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January 7, 2023

10 Relationship Misconceptions that are Hurting your Love Life.

“A healthy relationship is a feast of affection/giving for both people; not one receiving crumbs and trying to convince themselves its enough.” ~ Shannon Thomas

 

Relationships are intriguing and fascinating.

Every relationship has its own dynamic and needs to be understood and appreciated in its own way because when two people come together, they bring in their own thoughts, ideas, past baggage, dreams, hopes, and visions; when these blend in together, a relationship is formed.

Along with these, we also enter relationships with certain faulty beliefs and misconceptions about ourselves, others, and the relationship itself.

When we don’t align our beliefs and expectations with the relationship and the person we’re with, we set ourselves up for repeated experiences of turmoil and chaos.

Most of us don’t even know that we have beliefs in these areas that are leading the way. I’ve heard a lot of people say that “relationships are like this,” especially when it comes to troubled and toxic relationships.

Our own beliefs about ourselves also make us prone to choosing people who are not aligned with us at a deeper level and we end up settling.

For instance, if you believe that you’re not good enough, won’t ever find a potential partner, or don’t deserve a good relationship, then you might find yourself grappling with dysfunctional relationships.

But when you tell yourself “I deserve better,” your mind begins to create a picture of what better is. Until that happens, it’s all about going by what people say because you have no idea what you really want from a partner or a relationship.

“A healthy relationship is one where you can’t wait to see that person. You love to be around that person. You can’t get enough of that person. You’re at your best when you’re with that person.” ~ Germany Kent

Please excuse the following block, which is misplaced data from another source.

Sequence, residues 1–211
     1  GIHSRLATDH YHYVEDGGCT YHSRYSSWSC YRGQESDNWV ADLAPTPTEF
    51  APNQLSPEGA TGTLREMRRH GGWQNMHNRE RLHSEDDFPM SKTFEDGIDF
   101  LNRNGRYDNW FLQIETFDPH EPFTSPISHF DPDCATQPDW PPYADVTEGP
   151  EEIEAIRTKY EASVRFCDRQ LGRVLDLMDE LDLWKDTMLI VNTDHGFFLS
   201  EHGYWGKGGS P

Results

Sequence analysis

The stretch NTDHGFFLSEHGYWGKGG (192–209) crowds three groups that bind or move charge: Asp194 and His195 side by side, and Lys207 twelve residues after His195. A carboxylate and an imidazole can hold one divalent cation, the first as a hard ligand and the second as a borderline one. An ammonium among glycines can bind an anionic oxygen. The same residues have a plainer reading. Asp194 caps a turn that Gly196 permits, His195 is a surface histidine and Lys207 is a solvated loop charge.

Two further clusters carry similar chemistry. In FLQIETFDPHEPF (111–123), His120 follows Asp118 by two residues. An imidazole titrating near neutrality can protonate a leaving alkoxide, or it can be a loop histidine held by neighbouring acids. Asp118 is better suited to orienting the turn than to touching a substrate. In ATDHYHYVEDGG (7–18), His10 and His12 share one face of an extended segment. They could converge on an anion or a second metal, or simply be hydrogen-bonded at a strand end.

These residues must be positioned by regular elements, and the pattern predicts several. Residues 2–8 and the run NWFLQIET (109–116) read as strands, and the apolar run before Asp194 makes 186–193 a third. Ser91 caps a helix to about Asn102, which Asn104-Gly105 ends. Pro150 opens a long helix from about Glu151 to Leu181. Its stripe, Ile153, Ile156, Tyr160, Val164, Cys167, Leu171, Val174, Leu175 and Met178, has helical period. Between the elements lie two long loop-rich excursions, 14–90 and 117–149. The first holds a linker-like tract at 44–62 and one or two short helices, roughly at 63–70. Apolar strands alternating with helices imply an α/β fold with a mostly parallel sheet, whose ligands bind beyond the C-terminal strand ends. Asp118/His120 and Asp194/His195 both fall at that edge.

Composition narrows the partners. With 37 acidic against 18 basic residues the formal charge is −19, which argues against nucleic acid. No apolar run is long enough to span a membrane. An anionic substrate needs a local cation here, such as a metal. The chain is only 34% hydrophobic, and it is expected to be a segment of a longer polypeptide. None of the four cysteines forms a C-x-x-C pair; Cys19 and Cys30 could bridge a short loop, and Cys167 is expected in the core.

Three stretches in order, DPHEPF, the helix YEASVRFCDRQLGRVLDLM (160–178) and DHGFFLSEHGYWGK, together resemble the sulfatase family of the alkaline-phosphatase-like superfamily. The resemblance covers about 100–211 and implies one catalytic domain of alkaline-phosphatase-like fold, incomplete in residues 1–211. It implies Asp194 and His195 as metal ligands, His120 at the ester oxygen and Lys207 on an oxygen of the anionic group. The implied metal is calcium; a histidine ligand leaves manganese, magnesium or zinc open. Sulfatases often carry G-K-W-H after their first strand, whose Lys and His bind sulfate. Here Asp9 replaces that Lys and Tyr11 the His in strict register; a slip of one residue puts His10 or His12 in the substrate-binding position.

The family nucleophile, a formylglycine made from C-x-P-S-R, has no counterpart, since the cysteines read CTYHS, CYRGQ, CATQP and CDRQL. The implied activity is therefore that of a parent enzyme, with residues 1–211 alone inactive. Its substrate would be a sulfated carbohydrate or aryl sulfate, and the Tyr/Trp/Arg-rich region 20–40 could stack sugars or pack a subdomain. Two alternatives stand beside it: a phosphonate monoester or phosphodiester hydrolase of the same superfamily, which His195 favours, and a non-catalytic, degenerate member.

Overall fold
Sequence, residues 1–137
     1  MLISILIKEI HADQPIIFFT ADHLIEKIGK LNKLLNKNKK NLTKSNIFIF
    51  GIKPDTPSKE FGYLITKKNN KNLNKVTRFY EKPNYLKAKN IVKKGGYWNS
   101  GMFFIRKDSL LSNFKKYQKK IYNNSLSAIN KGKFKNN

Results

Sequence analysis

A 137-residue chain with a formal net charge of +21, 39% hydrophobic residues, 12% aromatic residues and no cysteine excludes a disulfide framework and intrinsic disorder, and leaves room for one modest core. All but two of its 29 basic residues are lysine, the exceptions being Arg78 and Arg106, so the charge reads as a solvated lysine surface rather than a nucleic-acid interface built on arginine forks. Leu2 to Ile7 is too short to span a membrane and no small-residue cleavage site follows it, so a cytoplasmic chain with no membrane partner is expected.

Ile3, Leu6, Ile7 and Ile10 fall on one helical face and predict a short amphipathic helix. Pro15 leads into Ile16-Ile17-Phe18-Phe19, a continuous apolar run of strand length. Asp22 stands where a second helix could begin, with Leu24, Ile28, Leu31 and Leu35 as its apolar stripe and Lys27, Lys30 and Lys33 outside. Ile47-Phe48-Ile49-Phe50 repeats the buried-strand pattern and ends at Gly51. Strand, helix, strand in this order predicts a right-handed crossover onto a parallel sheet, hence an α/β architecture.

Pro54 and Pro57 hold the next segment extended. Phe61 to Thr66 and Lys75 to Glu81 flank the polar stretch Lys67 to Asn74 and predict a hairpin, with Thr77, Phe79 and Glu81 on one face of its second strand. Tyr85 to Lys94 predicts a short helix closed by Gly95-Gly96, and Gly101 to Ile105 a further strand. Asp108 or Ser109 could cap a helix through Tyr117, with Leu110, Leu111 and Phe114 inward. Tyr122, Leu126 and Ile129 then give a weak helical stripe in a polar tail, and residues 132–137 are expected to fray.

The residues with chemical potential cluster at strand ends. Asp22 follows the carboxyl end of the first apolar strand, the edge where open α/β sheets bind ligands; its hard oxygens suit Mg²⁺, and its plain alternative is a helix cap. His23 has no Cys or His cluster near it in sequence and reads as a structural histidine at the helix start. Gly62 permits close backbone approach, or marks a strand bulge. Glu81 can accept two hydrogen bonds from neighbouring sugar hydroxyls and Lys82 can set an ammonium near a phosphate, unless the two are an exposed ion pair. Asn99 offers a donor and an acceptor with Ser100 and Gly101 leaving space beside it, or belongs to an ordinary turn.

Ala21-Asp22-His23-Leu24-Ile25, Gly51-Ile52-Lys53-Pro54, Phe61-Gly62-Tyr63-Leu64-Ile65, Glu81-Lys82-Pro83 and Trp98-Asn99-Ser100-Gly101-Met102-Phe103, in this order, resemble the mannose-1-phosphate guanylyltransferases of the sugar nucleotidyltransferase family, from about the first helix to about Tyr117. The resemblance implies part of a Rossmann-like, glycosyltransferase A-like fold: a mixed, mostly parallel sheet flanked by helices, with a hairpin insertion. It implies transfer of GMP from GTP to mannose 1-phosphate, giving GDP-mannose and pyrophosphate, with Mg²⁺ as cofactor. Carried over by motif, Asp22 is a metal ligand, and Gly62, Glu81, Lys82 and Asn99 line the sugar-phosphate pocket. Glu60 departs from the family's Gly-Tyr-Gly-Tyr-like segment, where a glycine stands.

And then, we tend to normalize certain unacceptable behaviors in relationships in the name of “relationships are like this” or “oh, this happens a lot; it’s okay” because we don’t know anything else or don’t have the courage to take another route.

Everything has a cost. What matters is the one we are willing to pay, and more often than not, the biggest cost we end up paying is the loss of our own self and the vision of our own life.

Therefore, it’s important to understand that just because some things have been going on for eons doesn’t mean it’s workable in the present.

Here are some misconceptions and faulty beliefs about love that we need to give up:

1. You should get married because of your age or your biological clock. Well, those are legitimate practical and emotional concerns. However, when we make marriage or kids the end goal, we lose sight of the relationship. That’s why so many individuals don’t end up in good relationships or marriages because their focus is not on building a connection or relationship with their partners. In fact, so many people don’t even know or understand what a partnership is really about. For them, it’s about finding someone, ticking off some parameters in their list, and it’s done.